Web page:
10 Condom Mistakes You Should Never Make

Identifying and Overcoming Common Barriers to Correct Condom Usage

Condoms
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Despite this being an age where HIV drugs are known to reduce the risk of transmission, both for uninfected people and those living with the disease, one fact remains irrefutable: short of abstinence, condoms remain the single-most effective means of preventing HIV today.

While study models vary, most research indicates that condoms can reduce the risk of HIV anywhere from 80% to 93%. By comparison, pre-exposure prophylaxis (PrEP) can reduce transmission risk by between 62% and 75%, while treatment as prevention (TasP)—using antiretroviral therapy to reduce the infectivity of an HIV-positive person—has been shown to be an effective means to reduce infection risk within the constraints of a mixed-status (serodiscordant) relationship.

To ensure that you remain at minimal risk of infection, it’s important not only to use condoms correctly and consistently but to avoid common mistakes that occur more often than you might think. In ascending order:

10. Not checking the label

Always check the label when buying condoms. It’s always best to choose latex, the condoms of which are shown to have nearly 50% less failure rate than non-latex condoms (1.92% vs. 3.47%, respectively). If you have a latex allergy, the U.S. Food and Drug Administration (FDA) has approved polyurethane condoms that are as effective in preventing HIV as latex ones (although they do tend to slip offer easier). And always be sure to check that if the condom has a reservoir tip. Not all do.

For condoms you may already in storage, regularly check the expiration date. And always err on the side of caution when deciding whether to keep a condom or not. If exposed to heat (say, in a locker or in the glove compartment of your car), a condom can give up the ghost well before the use-by date.

This is particularly true for latex condoms lubricated with a spermicide, which have a two-year life span, at best. Avoid novelty condoms (e.g., glow-in-the-dark, warming, flavored condoms) which, even if FDA approved, generally have nowhere near the shelf life of the good-and-tried basic condom (and may have additives and sugar that can potentially affect rectal or vaginal tissues).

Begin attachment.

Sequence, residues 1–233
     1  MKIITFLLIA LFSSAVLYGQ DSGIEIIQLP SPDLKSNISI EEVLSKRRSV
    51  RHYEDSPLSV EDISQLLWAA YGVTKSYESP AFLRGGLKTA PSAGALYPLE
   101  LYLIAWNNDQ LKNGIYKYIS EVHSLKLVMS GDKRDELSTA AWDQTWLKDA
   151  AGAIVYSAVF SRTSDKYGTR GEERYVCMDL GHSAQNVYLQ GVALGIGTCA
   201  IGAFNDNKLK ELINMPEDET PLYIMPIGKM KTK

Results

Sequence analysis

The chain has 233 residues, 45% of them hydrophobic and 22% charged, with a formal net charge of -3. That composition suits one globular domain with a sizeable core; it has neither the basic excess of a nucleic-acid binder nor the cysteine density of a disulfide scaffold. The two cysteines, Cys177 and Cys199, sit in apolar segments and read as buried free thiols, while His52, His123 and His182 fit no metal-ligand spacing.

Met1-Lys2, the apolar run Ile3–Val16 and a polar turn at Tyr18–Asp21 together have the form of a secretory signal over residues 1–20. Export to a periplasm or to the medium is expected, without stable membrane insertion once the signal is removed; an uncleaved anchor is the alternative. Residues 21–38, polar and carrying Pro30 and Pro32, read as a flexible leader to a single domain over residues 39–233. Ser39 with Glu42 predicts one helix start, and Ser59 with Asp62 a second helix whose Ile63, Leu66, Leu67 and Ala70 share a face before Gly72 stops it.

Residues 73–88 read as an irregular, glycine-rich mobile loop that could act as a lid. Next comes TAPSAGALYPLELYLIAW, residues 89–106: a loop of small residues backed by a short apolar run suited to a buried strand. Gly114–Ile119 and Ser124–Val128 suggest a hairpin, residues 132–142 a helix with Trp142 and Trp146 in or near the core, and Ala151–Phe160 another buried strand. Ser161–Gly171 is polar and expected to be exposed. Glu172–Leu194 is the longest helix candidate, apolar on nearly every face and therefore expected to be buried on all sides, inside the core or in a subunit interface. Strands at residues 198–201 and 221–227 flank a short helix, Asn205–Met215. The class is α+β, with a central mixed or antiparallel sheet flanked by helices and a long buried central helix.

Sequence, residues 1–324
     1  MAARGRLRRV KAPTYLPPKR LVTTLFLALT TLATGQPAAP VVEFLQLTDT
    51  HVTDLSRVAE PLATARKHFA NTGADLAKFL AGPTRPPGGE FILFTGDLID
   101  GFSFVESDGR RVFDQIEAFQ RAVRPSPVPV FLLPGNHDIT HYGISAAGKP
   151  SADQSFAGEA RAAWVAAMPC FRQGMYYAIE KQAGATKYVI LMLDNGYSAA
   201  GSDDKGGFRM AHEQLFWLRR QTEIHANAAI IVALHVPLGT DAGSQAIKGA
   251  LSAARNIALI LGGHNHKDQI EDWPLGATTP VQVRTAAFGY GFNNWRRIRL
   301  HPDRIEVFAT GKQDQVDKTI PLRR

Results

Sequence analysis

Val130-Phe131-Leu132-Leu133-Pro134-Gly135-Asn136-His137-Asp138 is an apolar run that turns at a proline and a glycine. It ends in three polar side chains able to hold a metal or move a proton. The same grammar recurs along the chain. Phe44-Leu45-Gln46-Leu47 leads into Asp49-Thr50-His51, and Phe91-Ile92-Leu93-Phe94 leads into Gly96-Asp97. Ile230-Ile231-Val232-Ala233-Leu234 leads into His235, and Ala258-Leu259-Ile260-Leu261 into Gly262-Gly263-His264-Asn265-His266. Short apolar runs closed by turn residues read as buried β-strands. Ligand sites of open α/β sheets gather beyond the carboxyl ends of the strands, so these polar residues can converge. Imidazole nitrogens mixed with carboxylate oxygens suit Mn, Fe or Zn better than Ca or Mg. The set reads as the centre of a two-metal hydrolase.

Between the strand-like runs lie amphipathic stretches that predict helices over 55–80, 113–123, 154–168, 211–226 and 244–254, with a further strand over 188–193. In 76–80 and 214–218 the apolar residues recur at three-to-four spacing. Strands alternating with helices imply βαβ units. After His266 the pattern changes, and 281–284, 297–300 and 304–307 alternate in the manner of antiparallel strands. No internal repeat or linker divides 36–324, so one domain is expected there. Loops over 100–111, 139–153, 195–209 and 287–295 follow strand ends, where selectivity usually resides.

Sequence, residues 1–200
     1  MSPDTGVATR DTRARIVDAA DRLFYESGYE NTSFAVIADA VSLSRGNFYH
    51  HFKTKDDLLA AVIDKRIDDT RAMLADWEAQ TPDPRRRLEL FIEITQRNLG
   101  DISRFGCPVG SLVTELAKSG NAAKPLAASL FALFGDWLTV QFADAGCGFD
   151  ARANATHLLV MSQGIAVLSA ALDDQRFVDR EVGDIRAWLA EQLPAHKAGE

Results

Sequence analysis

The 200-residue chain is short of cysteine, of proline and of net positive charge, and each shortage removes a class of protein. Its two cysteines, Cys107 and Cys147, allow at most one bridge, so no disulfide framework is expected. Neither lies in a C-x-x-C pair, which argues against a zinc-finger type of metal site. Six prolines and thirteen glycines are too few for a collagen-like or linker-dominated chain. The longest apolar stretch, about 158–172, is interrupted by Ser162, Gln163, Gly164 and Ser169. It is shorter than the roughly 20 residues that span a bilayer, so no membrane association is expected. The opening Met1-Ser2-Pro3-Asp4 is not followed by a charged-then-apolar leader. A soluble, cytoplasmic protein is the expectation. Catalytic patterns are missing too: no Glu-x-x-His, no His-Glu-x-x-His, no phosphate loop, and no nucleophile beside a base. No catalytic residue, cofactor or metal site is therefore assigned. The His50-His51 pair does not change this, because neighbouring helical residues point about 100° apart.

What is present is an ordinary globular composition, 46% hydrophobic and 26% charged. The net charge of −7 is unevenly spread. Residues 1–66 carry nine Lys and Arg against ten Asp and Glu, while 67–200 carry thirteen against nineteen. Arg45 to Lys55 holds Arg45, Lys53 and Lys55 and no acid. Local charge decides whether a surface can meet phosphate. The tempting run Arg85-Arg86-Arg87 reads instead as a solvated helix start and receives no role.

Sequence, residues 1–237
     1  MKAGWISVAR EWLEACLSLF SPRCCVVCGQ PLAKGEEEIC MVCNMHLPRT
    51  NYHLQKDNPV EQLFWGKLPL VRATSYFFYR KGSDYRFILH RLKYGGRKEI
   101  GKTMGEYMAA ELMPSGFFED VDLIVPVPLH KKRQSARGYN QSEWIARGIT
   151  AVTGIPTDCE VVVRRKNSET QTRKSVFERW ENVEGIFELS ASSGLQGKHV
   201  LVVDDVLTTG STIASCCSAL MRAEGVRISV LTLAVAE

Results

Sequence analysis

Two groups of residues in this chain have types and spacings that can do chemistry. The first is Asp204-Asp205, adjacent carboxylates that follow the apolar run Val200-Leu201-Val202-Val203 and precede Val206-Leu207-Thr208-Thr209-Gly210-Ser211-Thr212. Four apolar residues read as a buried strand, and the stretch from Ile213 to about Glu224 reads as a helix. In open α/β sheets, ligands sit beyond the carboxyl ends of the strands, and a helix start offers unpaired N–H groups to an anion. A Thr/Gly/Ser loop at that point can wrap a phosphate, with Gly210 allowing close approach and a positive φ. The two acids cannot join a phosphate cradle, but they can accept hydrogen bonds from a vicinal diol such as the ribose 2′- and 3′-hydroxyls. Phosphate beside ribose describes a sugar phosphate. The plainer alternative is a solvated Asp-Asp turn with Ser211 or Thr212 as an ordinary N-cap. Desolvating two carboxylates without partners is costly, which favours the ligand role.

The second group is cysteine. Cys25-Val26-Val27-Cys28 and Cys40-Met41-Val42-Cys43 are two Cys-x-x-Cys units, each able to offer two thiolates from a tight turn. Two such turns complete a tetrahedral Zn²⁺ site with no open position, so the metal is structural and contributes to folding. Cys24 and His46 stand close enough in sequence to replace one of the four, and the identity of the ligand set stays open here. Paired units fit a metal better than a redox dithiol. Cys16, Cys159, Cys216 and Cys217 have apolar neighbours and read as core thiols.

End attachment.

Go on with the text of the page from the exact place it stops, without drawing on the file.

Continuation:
9. Not using the correct lubricant

Using oil-based lubricants can more than double the failure rate of latex condoms when compared to recommended water-based lubricants (7.7% vs. 3%, respectively). Some research also suggests that condom lubricants high in glycols (propylene glycol or glycerol) may cause damage to delicate epithelial tissues, particularly when used during anal sex. Bottom line, spend as much time shopping for appropriate water-based lubricants as you do the condoms themselves.

8. Not sizing the condom correctly

According to research from Emory University, 13% of men surveyed said that condom slippage occurred during sex. Another study showed that 21% of African American men don’t use condoms because they are too tight. Both of these issues relate directly to incorrect condom sizing, wherein people still often believe that, insofar as condoms are concerned, “one size fits all.” Ultimately size does matter, and finding the right one can make the difference between having trouble-free or troublesome sex.

Learn how to properly size a condom by using this easy, step-by-step guide.

7. Not putting the condom on correctly

Rolling the condom on inside out. Not rolling the condom all the way down the shaft of the penis. Failing to leave a reservoir tip at the end. These are just some of the mistakes that up to 30% of men make when using putting on condoms. Learning how to use a condom properly is not something one automatically picks up.  It's something that takes preparation and practice.

The best rule of thumb—for both men and women—is to always have an adequate supply of condoms on-hand. When you’re ready to put the condom on, remember that it should look like a ski cap with the bottom edge rolled up and not in. And if you make a mistake during sex, don’t try to put the condom on again. Simply toss it out, grab another, and give it another go. Practice makes perfect.

6. Lack of preparation